Facts about the Faroe Islands
About the Faroe Islands
Located in the Northeast Atlantic, the Faroe Islands comprise 18 small islands, characterised by steep cliffs, tall mountains, narrow fjords – and a population of 50,000.
The Faroese language derives from Old Norse, which was spoken by the Norsemen who settled the islands 1200 years ago.
Through the centuries, the Faroese have defied the harsh nature and living conditions. Enduring today is a nation in which the living standard is one of the highest in the world. A highly industrial economy mainly based on fisheries and aquaculture continues to flourish, while a Nordic welfare model ensures everyone the opportunity to explore his or her own potential. Faroese maritime expertise is widely renowned and the Faroe Islands export seafood to all six continents.
What surprises many, however, is the relative mildness of the Faroese seasons. Despite the islands’ northern latitude location, summers are cool with an average temperature of 13°C, and winters are mild, with an average temperature of 3°C. This climate, classed as Maritime Subarctic according to the Köppen climate classification, is influenced by the strong warming influence of the Atlantic Ocean, which produces the North Atlantic Current.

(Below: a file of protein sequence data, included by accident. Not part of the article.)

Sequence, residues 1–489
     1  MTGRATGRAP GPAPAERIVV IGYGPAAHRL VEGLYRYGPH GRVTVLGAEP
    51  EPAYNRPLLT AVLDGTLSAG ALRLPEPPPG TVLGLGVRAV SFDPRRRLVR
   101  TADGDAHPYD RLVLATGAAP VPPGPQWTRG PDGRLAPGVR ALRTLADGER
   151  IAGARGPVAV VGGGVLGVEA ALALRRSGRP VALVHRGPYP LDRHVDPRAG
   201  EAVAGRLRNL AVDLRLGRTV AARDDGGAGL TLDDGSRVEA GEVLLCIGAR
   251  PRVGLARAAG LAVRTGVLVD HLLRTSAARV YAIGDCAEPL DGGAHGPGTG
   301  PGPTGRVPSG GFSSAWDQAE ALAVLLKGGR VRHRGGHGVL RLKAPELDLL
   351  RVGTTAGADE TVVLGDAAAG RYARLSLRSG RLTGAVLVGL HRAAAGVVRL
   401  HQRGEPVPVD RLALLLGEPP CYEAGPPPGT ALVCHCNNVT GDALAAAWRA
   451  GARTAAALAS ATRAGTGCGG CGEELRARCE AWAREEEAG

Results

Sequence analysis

Summer days bring long hours of sunlight (19 hours, 45 minutes on the longest day, June 21). In contrast, days during the winter can be as short as 5 hours.
The islands are generally windy, cloudy and cool throughout the year. Variations in altitude, ocean currents, topography and wind mean the climate differs greatly, even though distances between locations is small. This makes for unpredictable and highly changeable weather. It is not uncommon for one location to experience rain, the next snow, and a third location sun. You can literally experience all four seasons in one day!